Heilbrunn Timeline of Art History



  • "FSW" folding screen, 1946
    Charles Eames (American, 1907–1978); Ray Eames (American, 1912–1988); manufactured by Herman Miller Furniture Company, Zeeland, Michigan
    Ash, plywood, canvas; H. 68 in. (172.7 cm), W. 9 3/8 in. (23.8 cm), D. 58 1/2 in. (148.6 cm)
    Gift of Theodore R. Gamble Jr., in honor of his mother, Mrs. Theodore I. Gamble, 1986 (1986.413.1)

    A key element of the design philosophy of Charles and Ray Eames was its stress on multipurpose objects and spaces, and many of their creations were intended to be used within the modern American home in a variety of ways, responding to the ever-changing social or physical requirements of the user. This reflected a prevailing trend in American postwar design away from highly specialized spaces such as dining or living rooms, and toward larger multipurpose spaces, which could serve numerous functions throughout the day, season, or year. The "FSW" (Folding Screen Wood) is a continuation of the Eames' experiments with molded plywood, and functions as a room or space divider, ideal for use in a multipurpose living environment.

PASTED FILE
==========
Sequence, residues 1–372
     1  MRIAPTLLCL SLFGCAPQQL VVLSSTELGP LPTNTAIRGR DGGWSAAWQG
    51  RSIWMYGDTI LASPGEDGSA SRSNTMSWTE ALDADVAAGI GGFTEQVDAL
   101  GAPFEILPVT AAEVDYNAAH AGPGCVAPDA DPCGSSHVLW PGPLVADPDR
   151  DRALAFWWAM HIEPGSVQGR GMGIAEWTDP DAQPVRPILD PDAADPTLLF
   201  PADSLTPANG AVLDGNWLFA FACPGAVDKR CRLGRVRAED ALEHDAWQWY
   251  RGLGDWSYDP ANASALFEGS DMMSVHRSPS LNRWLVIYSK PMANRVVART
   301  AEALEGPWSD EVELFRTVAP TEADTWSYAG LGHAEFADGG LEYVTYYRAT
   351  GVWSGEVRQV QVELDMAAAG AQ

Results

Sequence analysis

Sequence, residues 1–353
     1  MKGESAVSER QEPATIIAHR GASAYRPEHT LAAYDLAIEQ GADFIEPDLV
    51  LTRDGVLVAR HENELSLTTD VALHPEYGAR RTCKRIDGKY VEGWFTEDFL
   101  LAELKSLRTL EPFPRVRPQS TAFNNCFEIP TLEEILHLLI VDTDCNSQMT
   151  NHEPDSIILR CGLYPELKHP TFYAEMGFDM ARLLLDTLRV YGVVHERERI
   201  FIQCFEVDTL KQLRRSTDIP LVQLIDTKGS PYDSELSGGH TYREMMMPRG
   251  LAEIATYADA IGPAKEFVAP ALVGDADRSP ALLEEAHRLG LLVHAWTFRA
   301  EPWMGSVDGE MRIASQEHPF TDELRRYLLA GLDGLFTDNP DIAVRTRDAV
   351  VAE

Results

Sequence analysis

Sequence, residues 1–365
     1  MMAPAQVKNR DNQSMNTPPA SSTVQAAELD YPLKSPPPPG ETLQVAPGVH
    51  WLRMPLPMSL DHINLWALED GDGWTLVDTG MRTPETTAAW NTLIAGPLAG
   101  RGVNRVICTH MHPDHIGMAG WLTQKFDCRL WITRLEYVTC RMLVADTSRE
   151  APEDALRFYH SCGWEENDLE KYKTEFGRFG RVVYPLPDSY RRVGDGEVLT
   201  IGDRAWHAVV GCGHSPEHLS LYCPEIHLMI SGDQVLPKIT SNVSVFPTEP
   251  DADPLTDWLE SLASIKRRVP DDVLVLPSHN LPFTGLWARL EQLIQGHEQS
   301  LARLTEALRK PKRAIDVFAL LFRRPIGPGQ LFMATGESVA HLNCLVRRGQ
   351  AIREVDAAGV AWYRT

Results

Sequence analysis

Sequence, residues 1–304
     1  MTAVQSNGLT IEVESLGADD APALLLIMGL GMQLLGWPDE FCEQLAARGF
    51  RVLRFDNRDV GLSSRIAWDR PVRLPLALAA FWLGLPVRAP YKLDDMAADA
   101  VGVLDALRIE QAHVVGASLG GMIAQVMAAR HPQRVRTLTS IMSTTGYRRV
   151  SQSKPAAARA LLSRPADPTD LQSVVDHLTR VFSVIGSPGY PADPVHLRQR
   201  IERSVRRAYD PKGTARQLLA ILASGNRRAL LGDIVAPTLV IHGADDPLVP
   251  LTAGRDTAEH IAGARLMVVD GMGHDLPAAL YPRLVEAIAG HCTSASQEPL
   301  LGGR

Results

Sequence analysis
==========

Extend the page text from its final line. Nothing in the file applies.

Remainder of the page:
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  • "FSW" folding screen, 1946
    Charles Eames (American, 1907–1978)

    Ray Eames (American, 1912–1988)

    manufactured by Herman Miller Furniture Company, Zeeland, Michigan
    Ash, plywood, canvas

    H. 68 in. (172.7 cm), W. 9 3/8 in. (23.8 cm), D. 58 1/2 in. (148.6 cm)
    Gift of Theodore R. Gamble Jr., in honor of his mother, Mrs. Theodore I. Gamble, 1986 (1986.413.1)


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